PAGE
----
Facts, Concepts, and Generalizations or Big Ideas

Explanations, examples, and instructional ideas

Facts:

Fact is something that actually exists or existed, object or event, and can be verified by observation. Facts are single occurrences.

Examples:

Concepts

Concept - An idea about a particular phenomenon people abstract from specific experiences. The idea includes all the properties that distinguish examples of the concept from all the non examples of the concept.

Examples:

Flowering plants have flowers that develop into fruits, roots, stems, and leaves.

The following are also concepts: area, volume, density, flowers, energy, light, magnifying glass, animals, rock, soil, erosion, magnet, force,

Concepts summarize and categorize objects. The difficulty of learning a concept depends on the number of properties or characteristics, the abstractness or concreteness, and the reasoning that connects the properties or characteristics.

The abstractness of a concept is related to how the concept can be experienced.

Concepts are best introduced through physical observation and manipulation (hands on exploration). Followed by a grand conversation; that provides a concept name, other examples, and non examples. Some concepts can be experienced at all three levels: temperature hot - cold to touch, concrete as read on a thermometer, and the abstractness of average kinetic molecular energy.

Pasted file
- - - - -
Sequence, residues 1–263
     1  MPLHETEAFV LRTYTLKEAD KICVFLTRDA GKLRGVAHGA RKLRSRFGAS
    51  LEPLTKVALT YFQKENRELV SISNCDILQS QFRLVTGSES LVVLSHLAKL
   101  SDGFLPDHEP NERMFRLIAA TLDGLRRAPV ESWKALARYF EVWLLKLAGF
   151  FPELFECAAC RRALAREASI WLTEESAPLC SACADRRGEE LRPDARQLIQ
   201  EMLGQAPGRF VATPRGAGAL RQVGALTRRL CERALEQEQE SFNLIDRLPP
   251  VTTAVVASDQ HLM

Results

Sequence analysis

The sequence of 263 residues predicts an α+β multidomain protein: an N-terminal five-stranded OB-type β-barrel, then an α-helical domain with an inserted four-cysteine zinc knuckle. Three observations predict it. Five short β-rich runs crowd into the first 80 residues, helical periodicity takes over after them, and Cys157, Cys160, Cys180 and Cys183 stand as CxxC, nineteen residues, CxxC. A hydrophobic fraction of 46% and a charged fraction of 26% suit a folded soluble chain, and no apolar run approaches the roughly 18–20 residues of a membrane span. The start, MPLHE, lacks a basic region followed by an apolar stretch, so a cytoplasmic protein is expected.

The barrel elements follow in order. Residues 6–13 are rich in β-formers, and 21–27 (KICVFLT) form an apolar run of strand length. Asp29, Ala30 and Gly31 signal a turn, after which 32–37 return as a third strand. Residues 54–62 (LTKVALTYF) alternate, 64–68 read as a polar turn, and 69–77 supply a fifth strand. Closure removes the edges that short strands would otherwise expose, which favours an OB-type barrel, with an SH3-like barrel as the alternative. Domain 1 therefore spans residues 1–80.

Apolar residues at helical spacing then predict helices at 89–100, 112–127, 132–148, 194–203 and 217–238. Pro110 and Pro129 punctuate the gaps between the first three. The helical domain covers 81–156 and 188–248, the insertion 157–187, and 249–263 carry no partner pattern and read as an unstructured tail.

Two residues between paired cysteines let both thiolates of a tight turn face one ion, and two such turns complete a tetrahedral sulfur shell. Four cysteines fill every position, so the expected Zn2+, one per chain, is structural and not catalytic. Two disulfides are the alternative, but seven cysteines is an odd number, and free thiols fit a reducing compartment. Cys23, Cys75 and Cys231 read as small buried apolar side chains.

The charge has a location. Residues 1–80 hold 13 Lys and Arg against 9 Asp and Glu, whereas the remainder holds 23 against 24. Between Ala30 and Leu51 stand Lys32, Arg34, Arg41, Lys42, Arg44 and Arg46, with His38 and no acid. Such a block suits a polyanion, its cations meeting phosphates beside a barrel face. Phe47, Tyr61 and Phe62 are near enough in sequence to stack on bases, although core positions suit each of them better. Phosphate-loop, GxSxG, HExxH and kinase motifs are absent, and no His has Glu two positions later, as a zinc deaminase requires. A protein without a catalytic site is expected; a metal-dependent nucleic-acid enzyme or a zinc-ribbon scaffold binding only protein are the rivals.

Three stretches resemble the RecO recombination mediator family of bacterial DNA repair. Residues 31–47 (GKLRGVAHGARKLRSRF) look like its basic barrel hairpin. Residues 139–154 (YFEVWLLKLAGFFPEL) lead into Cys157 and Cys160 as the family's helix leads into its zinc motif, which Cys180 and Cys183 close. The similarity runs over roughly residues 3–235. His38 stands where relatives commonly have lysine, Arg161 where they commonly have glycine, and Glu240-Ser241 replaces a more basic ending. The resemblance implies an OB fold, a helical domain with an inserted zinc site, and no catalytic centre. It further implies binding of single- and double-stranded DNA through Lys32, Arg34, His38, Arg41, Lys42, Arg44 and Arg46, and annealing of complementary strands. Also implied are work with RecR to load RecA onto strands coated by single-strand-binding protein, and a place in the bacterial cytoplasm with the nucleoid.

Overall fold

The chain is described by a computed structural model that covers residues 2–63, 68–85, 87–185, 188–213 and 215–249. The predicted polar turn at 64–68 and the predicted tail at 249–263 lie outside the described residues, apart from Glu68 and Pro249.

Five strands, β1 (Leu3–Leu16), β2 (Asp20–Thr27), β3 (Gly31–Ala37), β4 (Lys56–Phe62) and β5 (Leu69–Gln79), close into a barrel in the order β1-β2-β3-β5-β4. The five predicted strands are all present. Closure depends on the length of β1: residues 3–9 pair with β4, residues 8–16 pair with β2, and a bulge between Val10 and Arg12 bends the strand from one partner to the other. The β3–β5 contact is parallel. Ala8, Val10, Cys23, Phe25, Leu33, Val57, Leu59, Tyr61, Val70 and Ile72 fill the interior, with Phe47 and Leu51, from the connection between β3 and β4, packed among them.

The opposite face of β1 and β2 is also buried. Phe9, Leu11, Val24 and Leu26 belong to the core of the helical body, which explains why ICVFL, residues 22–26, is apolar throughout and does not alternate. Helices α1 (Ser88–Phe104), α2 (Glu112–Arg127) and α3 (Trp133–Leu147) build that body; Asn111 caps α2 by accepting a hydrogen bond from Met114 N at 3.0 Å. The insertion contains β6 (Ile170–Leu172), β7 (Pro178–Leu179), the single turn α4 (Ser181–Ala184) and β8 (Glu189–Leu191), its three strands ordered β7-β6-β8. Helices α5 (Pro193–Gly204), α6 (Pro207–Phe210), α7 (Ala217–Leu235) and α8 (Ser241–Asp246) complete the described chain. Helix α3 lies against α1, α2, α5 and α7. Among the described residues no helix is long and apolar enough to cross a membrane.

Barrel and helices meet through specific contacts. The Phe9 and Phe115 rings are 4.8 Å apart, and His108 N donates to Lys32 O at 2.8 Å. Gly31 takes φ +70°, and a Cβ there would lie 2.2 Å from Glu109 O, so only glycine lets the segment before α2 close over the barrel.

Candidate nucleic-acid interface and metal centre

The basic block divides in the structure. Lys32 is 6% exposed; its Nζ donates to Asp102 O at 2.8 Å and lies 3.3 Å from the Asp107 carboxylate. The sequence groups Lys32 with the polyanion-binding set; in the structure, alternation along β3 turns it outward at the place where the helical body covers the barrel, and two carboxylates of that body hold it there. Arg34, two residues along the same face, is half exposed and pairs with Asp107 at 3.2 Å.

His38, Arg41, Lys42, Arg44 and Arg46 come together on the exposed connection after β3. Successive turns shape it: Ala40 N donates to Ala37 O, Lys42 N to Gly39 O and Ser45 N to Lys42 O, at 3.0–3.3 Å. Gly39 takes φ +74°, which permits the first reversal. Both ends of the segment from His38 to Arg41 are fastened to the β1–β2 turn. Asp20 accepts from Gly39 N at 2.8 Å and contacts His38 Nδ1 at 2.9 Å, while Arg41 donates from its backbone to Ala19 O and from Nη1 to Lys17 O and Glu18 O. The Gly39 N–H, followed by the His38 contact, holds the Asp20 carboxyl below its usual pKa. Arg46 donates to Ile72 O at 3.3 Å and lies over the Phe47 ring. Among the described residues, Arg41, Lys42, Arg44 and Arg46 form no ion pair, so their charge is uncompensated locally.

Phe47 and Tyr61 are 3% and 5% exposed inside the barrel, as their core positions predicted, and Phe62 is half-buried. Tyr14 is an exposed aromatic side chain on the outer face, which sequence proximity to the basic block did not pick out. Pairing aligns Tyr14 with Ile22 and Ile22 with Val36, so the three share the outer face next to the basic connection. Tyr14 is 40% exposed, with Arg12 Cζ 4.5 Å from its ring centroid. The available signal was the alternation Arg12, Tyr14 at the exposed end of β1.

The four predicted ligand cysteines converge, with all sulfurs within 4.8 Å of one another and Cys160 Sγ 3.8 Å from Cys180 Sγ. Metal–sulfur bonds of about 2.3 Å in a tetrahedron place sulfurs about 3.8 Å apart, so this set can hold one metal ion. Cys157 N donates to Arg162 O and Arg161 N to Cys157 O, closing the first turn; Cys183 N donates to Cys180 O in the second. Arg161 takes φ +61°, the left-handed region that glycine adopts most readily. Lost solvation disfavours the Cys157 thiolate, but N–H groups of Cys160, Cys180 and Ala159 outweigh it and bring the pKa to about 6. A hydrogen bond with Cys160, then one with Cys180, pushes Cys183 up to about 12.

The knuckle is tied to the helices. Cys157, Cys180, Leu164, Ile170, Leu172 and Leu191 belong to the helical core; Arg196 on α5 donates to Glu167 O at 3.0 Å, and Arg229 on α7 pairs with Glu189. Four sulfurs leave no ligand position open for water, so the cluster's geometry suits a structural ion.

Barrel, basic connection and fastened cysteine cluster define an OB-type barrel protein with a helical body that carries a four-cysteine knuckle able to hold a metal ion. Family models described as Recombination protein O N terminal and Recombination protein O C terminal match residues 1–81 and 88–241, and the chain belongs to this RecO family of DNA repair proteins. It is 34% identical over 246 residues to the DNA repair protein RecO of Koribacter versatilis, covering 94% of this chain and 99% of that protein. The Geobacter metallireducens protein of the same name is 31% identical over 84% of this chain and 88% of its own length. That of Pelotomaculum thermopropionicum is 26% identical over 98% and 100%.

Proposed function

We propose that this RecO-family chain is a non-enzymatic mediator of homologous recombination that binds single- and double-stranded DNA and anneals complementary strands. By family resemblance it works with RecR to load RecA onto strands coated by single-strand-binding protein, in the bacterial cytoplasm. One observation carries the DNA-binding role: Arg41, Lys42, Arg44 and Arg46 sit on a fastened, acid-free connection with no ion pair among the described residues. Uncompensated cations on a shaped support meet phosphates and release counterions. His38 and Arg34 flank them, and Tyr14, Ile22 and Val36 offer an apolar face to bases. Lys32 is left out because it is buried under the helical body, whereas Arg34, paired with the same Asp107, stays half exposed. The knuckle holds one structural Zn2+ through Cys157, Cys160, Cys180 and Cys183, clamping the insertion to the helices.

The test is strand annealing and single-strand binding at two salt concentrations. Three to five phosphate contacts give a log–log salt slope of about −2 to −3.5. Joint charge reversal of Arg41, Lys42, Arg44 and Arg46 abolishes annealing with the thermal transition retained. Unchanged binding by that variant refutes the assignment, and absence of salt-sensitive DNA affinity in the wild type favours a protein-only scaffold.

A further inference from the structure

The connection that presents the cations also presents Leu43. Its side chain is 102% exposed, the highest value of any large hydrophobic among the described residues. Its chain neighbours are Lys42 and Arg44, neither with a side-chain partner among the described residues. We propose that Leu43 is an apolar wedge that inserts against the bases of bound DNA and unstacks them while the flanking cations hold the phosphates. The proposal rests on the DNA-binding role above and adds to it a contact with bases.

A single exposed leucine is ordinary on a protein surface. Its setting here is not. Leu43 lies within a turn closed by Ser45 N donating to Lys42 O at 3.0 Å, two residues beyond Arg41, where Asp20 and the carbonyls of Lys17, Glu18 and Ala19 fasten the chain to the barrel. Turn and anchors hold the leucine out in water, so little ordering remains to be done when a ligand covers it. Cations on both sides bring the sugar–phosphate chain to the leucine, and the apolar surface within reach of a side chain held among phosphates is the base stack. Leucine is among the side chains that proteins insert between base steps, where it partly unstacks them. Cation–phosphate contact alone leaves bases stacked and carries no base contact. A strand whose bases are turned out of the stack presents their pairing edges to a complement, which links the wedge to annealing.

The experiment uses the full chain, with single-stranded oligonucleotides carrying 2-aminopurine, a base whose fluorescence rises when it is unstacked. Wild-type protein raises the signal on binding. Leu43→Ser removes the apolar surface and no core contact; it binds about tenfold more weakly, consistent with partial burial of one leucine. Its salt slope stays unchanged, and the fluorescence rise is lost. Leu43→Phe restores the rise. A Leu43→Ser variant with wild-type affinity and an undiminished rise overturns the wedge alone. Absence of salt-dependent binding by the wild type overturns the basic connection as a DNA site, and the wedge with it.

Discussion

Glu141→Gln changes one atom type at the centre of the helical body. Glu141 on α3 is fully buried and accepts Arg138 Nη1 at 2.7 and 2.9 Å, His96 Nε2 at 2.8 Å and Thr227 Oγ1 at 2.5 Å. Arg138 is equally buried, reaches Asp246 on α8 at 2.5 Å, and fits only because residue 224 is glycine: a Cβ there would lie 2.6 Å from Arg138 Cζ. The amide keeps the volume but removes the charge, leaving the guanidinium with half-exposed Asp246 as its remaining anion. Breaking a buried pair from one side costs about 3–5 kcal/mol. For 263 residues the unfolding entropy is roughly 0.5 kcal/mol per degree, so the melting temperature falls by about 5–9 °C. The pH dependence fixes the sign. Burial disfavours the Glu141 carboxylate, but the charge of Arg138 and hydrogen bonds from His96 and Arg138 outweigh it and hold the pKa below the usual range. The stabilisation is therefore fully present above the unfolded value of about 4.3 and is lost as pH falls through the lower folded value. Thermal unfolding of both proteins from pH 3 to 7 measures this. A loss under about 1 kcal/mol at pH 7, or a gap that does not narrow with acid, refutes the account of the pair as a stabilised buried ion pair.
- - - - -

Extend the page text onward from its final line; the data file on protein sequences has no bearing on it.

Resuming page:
Concepts can be made more concrete by defining them operationally.

Generalizations or Big Ideas

Generalizations are statements of a relationship between two or more concepts.

Examples:

Generalizations are summary statements of relationships between concepts, summary statements of cause and effect, summary statements of predictions of future relationships, and a generalized condition of fact, all dogs have canines.

Notice generalizations require understanding of each concept to have meaning.

Generalizations are powerful as they provide a way to consolidate information to make it more usable and easier to remember. Laws, principals, and theories are all kinds of generalizations. These generalizations require the connection of concepts by a relationship.

Relationships can only be built with direct observational evidence and reasoning. Good teaching practices will mediate both.

More examples:

 

See planning and concept mapping.

Dr. Robert Sweetland's notes
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